Smallholders Insurance from Greenlands

Author Topic: Milking sheep  (Read 7540 times)

waterbuffalofarmer

  • Joined Apr 2014
  • Mid Wales
  • Owner of 61 Mediterranean water buffaloes
Re: Milking sheep
« Reply #15 on: September 29, 2016, 10:50:20 am »
Traditionally they take the lamb away and send to slaughter for veal,

Veal is from cattle not sheep. Lambs go off at 4 months anyway.
In france they kill the lambs at a few days to a week old and use the skin for leather gloves and the meat is a delicacy :)
the most beautiful people we have known are those who have known defeat, known suffering, known struggle, known loss and have found their way out of the depths. These persons have an appreciation, a sensitivity and an understanding of life that fills them with compassion, gentleness, loving concern.

SallyintNorth

  • Joined Feb 2011
  • Cornwall
  • Rarely short of an opinion but I mean well
    • Trelay Cohousing Community
Re: Milking sheep
« Reply #16 on: September 29, 2016, 12:51:11 pm »
I know that 'milk lamb' is a delicacy 'on the Continent', but having supplied this trade when I was on the moorland farm, it was fresh-from-the-hills straight-off-their-dams up to 15kgs deadweight they were wanting.  I've not heard about eating neonates.  I guess for a sheep dairying business, having an outlet for newborn lambs would be very useful.
Don't listen to the money men - they know the price of everything and the value of nothing

Live in a cohousing community with small farm for our own use.  Dairy cows (rearing their own calves for beef), pigs, sheep for meat and fleece, ducks and hens for eggs, veg and fruit growing

macgro7

  • Joined Feb 2016
  • Leicester
Re: Milking sheep
« Reply #17 on: September 29, 2016, 03:13:58 pm »
You know... in Leicester a lot of butcher shops sell "spring lamb".
My in laws buy it but having studied in agricultural college and worked with sheep, traded at the melton mowbray livestock market... I have never heard of that!!!  :roflanim:
Do you think they actually sell "baby lambs"? Or are they just lambs of small breeds? I.E. Cheaper to buy for the butchers? They still sell them for at least 80-90 per 12kg lamb!!!
And apparently it's still cheaper than buying from chopped up pieces from the supermarket.
So what do they actually sell? Maybe they go to the fields in june and nick some lambs!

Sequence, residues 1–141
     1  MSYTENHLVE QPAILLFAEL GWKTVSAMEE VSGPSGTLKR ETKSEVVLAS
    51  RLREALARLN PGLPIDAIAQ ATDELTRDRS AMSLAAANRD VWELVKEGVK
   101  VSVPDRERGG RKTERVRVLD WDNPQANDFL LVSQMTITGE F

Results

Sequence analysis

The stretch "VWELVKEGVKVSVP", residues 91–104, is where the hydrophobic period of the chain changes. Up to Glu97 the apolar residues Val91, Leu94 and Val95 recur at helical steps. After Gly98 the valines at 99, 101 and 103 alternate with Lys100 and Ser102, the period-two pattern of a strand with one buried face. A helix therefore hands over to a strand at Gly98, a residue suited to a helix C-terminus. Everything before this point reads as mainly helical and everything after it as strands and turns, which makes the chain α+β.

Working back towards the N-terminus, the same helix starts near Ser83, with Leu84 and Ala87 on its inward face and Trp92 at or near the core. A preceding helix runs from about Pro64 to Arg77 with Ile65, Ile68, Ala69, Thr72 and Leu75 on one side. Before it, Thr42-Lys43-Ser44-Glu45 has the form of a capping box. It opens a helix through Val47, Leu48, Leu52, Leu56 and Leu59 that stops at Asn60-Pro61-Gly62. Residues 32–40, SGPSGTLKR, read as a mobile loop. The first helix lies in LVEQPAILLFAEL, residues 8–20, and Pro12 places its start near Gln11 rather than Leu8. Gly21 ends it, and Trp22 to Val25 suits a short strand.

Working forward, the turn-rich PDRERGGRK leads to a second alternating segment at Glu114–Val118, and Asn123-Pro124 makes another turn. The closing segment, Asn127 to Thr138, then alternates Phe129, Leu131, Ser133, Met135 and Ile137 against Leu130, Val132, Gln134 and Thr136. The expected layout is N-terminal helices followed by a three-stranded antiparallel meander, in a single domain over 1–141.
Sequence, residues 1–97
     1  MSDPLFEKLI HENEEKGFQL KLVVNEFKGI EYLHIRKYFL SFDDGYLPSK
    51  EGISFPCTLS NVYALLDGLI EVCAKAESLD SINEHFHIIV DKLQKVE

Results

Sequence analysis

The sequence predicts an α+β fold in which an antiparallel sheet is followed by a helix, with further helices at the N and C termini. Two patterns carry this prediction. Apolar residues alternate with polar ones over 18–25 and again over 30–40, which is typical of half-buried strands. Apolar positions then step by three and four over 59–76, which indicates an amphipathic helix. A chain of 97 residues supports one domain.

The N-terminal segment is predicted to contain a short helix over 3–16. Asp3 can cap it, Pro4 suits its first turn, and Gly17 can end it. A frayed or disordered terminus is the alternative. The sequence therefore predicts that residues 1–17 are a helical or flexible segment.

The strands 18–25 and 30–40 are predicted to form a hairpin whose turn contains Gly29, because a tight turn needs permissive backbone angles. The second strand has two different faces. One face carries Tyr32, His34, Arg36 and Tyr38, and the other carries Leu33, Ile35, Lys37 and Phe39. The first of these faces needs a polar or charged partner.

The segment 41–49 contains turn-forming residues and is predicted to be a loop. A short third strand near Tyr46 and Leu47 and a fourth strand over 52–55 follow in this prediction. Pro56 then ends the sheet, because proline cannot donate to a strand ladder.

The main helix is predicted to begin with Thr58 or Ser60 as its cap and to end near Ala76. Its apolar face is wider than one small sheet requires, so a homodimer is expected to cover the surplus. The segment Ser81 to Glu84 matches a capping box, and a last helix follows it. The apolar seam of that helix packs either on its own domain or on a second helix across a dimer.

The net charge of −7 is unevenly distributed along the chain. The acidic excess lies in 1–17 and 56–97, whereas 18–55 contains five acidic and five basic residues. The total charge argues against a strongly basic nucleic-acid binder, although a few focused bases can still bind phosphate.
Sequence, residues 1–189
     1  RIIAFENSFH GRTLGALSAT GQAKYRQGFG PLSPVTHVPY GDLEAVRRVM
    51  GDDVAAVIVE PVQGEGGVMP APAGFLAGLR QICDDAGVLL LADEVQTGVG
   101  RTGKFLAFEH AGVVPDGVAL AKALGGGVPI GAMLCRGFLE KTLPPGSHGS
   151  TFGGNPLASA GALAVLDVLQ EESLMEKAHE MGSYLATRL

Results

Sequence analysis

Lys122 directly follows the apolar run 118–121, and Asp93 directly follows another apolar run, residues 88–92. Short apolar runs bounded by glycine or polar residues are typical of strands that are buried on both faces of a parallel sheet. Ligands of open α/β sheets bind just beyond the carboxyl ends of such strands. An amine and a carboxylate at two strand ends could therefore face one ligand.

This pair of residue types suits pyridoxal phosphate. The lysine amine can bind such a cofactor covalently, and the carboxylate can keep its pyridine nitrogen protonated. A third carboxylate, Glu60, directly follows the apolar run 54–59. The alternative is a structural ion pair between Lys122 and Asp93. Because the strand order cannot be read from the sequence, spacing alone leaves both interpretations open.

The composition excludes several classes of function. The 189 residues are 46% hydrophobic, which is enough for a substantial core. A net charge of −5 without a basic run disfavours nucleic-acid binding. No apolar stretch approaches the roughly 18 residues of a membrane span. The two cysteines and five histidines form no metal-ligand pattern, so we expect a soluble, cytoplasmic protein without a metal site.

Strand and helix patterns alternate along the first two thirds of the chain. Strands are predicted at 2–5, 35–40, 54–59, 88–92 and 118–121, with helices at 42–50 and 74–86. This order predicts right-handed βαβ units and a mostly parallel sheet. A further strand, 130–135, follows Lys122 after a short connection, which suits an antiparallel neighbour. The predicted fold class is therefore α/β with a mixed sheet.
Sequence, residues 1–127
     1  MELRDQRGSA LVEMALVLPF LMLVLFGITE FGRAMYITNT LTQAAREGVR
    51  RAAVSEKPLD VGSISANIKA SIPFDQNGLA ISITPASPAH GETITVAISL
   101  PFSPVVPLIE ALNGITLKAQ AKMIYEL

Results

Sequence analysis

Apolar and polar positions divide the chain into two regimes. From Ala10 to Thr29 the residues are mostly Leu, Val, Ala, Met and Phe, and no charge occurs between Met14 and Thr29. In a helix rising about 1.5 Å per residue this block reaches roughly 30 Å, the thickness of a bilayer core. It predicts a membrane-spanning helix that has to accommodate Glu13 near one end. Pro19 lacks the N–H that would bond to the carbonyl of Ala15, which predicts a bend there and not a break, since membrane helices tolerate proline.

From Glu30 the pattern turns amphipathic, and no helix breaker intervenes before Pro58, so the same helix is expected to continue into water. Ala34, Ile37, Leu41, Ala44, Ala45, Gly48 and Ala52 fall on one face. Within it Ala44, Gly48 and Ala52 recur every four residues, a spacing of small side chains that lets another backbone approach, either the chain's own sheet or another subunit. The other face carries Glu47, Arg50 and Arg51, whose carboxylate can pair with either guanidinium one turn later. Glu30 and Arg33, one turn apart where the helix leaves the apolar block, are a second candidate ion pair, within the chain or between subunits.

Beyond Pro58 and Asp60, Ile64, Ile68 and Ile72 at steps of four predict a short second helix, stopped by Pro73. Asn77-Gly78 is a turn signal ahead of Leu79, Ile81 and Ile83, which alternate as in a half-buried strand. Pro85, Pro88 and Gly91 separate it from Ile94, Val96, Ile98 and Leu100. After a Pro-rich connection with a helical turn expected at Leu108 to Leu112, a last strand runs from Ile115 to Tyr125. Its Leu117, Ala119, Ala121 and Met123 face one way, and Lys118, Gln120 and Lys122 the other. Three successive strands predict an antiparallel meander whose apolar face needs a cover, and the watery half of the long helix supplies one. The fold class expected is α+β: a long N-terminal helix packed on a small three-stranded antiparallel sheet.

Growing loads of fruits and vegetables! Raising dairy goats, chickens, ducks, rabbits on 1/2 acre in the middle of the city of Leicester, using permaculture methods.

SallyintNorth

  • Joined Feb 2011
  • Cornwall
  • Rarely short of an opinion but I mean well
    • Trelay Cohousing Community
Re: Milking sheep
« Reply #18 on: September 29, 2016, 04:25:02 pm »
Spring lambs are that year's lambs, coming in to a market which has hitherto been selling hoggs (last year's lambs) since Christmas.

Farmers who lamb early indoors can have their first lambs ready for the spring lamb trade in March, or even earlier in some counties. Up here in north Cumbria the spring lamb trade starts in April, and is just a very few lambs until later on in May when the first of the outdoor-born lambs start to appear in the mart.

We usually have a few early single lambs ready in May, at 12-14 weeks old.  They'll have been born and reared outside, born in February or occasionally late January.  The bulk of our lambs are born in March, and are still ahead of the majority of the hill and moorland lambs to get to the fat mart.

We've been known to get 100-120 a head for spring lambs in May.  Lambs of the same breeding will fetch 85-95 later in the season.
Don't listen to the money men - they know the price of everything and the value of nothing

Live in a cohousing community with small farm for our own use.  Dairy cows (rearing their own calves for beef), pigs, sheep for meat and fleece, ducks and hens for eggs, veg and fruit growing

Hevxxx99

  • Joined Sep 2012
Re: Milking sheep
« Reply #19 on: September 29, 2016, 07:46:28 pm »
Milk lamb is indeed a delicacy: lamb that is still unweaned and usually 4-6 weeks old.  So indeed is effectively the sheep equivalent of veal.

Seems there's a fair old profit in it too

http://www.londonfinefoods.co.uk/product/CFFpmflwholelamb/Pyrenees+Milk+Fed+Lamb+Entier



SallyintNorth

  • Joined Feb 2011
  • Cornwall
  • Rarely short of an opinion but I mean well
    • Trelay Cohousing Community
Re: Milking sheep
« Reply #20 on: September 30, 2016, 09:43:23 am »
Wow.  Teeny chops!  Thanks for that Hexvxxx99. 

I wonder if the Blackie lambs that come off the Scottish hills in August and are shipped to France as 'milk lamb' are sold and eaten in the expectation that they're only 6 weeks old...
Don't listen to the money men - they know the price of everything and the value of nothing

Live in a cohousing community with small farm for our own use.  Dairy cows (rearing their own calves for beef), pigs, sheep for meat and fleece, ducks and hens for eggs, veg and fruit growing

 

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